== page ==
General discussion

Locked

Wiretapping, European-Style. Think Bush's NSA surveillance is bad???.....

By sleepin'dawg ·
Wiretapping, European-Style. - Think Bush's warrantless NSA surveillance is bad?

Wiretapping, European-Style.
Think Bush's warrantless NSA surveillance is bad? Wait till you hear
what the British government does.
By Eric Weiner
Updated Tuesday, Feb. 14, 2006, at 6:39 AM ET


For Europeans, scolding the Bush administration for everything from
Guantanamo to the Iraq War to secret CIA prisons has become a
full-time job. But when it comes to the American scandal over
President Bush's warrantless wiretaps, there's been a curious
reaction from the other side of the Atlantic: silence. Where is the
European outrage?

European restraint may arise from a fear of hypocrisy. The fact is
that in much of Europe wiretapping is de rigueur?practiced more
regularly and with less oversight than in the United States. Most
Europeans either don't know about this or, more likely, simply don't
care.

The extensive European taps are not new developments, made in the
heat of passion after the London and Madrid bombings. European
governments have been bugging phones for decades. In theory, the
European Convention on Human Rights forbids "arbitrary wiretapping,"
but, as we've learned in the United States, arbitrary is in the ear
of the wiretapper.


The three worst offenders are not countries you would suspect of
playing fast and loose with civil liberties: Britain, Italy, and the
Netherlands. Italian officials conduct tens of thousands of wiretaps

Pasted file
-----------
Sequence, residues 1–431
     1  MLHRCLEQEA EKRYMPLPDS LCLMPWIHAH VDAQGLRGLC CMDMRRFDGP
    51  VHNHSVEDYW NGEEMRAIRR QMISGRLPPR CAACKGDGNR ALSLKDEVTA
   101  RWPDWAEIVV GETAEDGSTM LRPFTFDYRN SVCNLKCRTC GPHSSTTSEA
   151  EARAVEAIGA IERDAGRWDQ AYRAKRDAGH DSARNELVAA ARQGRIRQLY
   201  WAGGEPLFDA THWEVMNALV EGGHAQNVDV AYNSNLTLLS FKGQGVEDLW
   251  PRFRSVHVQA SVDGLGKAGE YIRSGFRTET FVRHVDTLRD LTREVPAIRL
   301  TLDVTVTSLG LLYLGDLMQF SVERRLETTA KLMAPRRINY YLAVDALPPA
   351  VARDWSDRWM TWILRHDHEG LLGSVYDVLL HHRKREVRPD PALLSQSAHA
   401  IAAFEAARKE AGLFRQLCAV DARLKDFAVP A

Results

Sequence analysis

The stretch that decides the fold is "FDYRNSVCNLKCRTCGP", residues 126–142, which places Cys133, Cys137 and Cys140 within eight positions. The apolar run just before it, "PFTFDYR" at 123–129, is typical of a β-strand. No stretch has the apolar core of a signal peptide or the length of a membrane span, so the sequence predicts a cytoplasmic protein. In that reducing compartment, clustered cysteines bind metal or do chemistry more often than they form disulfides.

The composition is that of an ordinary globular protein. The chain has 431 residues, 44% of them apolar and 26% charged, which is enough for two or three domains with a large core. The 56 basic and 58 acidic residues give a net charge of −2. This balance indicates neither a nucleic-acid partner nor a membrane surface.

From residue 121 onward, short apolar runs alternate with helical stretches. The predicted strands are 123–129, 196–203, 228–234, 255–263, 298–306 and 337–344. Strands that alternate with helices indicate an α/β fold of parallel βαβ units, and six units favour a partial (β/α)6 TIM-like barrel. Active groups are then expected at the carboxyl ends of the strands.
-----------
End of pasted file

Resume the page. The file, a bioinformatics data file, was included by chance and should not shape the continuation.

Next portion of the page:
each year. Technically, judicial approval is needed but since judges
in Italy are "investigative," meaning they act more like our
prosecutors, there is essentially no check on law enforcement's
ability to eavesdrop.

In Britain, police have an even easier time tapping phones. The home
secretary, a Cabinet minister, approves all wiretaps. Judges have
nothing to do with it.

Or, to put it in American terms, imagine Homeland Secretary Michael
Chertoff authorizing wiretaps of anyone he deems fit?only without
the pesky questions from the media and Congress.

Gus Hosein, an analyst with Privacy International, calculates that,
given the number of wiretaps in the U.K., the home secretary
approves a new wiretap every few seconds. "Obviously, it's
impossible to give it the attention it needs," says Hosein. Britain
did recently establish an Interception of Communications
Commissioner, but he has limited authority; his main job is tallying
the number of annual wiretaps. The only Brits safe from wiretapping
are members of Parliament, though after the London bombing, there is
now a move afoot to revoke their immunity.

Britain's lax attitude toward telephone privacy dates back to the
1920s, when the British government owned the phone company. There
was no need for court approval of wiretaps, since, in a way, the
government would be asking itself for that approval.

The Netherlands has the highest rate of wiretapping of any European
country?a surprising fact, given the country's reputation for cozy
coffee bars, not invasive police tactics. Dutch police can tap any
phone they like, so long as the crime under investigation carries at
least a three-year jail term.

Washington's biggest European critic?France?also has a serious
wiretapping habit, as Marc Perelman points out in Foreign Policy:
"In addition to judicially ordered taps there are also
'administrative wiretaps' decided by security agencies under the
control of the government." Perelman argues that most French know
about these policies but don't seem to care, despite clear cases of
abuse in the past. Most prominent is the Elys?e Scandal?named after
the palace where the late President Francois Mitterrand set up an
undercover listening room. Mitterrand's operatives tapped the calls
of his political enemies: lawyers, businessmen, journalists, and
even the actress and Chanel model Carole Bouquet. This took place in
the mid-1980s but only surfaced recently, and 12 conspirators were
brought to trial. What's interesting?and disturbing?about the Elys?e
Scandal is that at the time, French authorities had justified the
surveillance as a necessary tool to fight terrorism.